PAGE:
Coping experiences of adolescents with cancer: a qualitative study

Authors

  • Li-Min Wu,

    1. Li-Min Wu RN MSN Instructor and Doctoral Candidate College of Nursing, Kaohsiung Medical University and Fooyin University, Taiwan
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  • Chi-Chun Chin,

    1. Chi-Chun Chin RN PhD Associate Professor College of Nursing, Kaohsiung Medical University, Taiwan
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  • Joan E. Haase,

    1. Joan E. Haase RN PhD Emily Holmquist Professor in Pediatric Oncology Nursing School of Nursing, Indiana University, USA
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  • Chung-Hey Chen

    1. Chung-Hey Chen RN PhD Professor Institute of Allied Health Sciences & Department of Nursing, National Cheng Kung University; and Adjunct Professor College of Nursing, Kaohsiung Medical University, Taiwan
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Errata

This article is corrected by:

  1. Errata: Erratum Volume 65, Issue 12, 2733, Article first published online: 17 November 2009

Dr C.-H. Chen: e-mail: chunghey@mail.ncku.edu.tw

Abstract

Title. Coping experiences of adolescents with cancer: a qualitative study.

Aim.  This paper is a report of a study of the coping experiences of Taiwanese adolescents with cancer.

Background.  Cancer treatments have adverse effects and negatively affect adolescents’ lives. Psychological coping strategies are antecedents to adjustment. Little is known about the essential structure of the coping experience in adolescents with cancer.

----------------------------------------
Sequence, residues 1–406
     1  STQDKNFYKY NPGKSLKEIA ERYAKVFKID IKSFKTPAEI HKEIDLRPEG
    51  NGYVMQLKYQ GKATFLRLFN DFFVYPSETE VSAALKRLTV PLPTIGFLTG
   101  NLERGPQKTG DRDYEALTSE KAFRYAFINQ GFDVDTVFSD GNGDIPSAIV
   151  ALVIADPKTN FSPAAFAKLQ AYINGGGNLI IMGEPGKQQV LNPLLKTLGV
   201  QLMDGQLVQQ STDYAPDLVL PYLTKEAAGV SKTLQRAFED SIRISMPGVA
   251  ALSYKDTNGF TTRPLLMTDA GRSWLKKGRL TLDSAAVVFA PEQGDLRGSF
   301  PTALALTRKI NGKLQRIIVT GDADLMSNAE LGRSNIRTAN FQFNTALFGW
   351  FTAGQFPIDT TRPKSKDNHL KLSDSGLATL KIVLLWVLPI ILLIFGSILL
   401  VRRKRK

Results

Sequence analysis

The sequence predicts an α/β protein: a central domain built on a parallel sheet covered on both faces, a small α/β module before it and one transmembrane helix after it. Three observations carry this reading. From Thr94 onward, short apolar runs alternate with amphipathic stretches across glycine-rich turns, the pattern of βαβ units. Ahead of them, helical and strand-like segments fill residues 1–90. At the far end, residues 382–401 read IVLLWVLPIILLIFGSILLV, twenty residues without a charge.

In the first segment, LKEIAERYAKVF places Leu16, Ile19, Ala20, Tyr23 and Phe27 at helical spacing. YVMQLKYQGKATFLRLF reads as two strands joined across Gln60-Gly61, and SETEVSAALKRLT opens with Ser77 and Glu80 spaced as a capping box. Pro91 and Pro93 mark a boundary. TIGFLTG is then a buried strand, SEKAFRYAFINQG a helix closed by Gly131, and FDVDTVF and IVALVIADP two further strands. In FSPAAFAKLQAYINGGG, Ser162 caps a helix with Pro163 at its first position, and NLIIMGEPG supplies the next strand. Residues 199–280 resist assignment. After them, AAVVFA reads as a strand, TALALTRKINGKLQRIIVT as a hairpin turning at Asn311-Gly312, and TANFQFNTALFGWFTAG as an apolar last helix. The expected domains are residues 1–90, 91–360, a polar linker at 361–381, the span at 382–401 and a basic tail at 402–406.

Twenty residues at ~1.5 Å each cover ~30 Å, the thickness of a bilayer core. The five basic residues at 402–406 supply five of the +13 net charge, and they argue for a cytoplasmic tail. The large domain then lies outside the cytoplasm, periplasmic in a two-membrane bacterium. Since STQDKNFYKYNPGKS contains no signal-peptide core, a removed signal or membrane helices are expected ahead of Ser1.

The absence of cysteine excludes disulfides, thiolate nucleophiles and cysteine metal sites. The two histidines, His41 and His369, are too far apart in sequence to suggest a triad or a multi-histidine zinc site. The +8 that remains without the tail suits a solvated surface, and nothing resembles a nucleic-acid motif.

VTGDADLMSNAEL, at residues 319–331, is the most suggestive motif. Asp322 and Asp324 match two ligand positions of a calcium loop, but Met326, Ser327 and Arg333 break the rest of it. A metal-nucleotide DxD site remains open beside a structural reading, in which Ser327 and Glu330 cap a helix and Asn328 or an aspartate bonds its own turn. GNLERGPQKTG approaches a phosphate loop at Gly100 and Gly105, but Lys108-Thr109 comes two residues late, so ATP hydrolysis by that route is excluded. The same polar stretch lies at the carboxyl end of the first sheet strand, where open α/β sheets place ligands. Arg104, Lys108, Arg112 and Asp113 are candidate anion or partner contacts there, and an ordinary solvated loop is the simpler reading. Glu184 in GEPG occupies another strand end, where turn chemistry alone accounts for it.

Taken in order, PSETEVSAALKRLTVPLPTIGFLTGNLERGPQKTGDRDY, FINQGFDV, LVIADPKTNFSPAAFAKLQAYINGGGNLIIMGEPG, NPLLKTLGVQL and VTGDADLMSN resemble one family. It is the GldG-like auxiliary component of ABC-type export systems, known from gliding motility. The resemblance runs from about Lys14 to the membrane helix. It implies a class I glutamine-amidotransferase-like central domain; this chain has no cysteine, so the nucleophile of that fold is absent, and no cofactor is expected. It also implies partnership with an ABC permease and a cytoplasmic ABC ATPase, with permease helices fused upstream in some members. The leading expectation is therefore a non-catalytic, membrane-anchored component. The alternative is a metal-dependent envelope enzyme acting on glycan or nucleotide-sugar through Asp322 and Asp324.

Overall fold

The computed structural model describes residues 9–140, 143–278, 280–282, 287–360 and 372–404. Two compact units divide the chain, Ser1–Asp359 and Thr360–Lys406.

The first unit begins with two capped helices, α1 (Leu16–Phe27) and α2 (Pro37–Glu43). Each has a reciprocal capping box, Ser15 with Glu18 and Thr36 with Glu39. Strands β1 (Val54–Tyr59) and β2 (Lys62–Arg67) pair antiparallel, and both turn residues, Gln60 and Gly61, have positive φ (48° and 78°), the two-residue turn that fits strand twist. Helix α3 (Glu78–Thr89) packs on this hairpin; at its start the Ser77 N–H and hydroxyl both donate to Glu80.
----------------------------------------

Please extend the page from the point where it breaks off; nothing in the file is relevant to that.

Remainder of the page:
Method.  Ten adolescents aged 12–18 years who were receiving chemotherapy were interviewed in 2007. Open-ended interviews were conducted in a quiet in-hospital setting. Interview data were analysed using Giorgi’s four-step procedures.

Findings.  The essential structures of the coping experience were losing confidence and rebuilding hope. Losing confidence included sub-themes of physical and psychological suffering; rebuilding hope included sub-themes of thought restructuring, revaluing what I have, and envisioning hopeful images of the future. Interviewees vacillated between moving on and giving up, depending on the strength of their hope. A focus on rebuilding hope helped the adolescents to move on in the midst of many distressful events.

Conclusion.  Understanding adolescents’ coping processes relative to cancer can facilitate the establishment of a more supportive milieu. The findings can provide guidance for instrument development on coping for adolescents with cancer and be useful in guiding intervention development to promote positive psychological adjustment.

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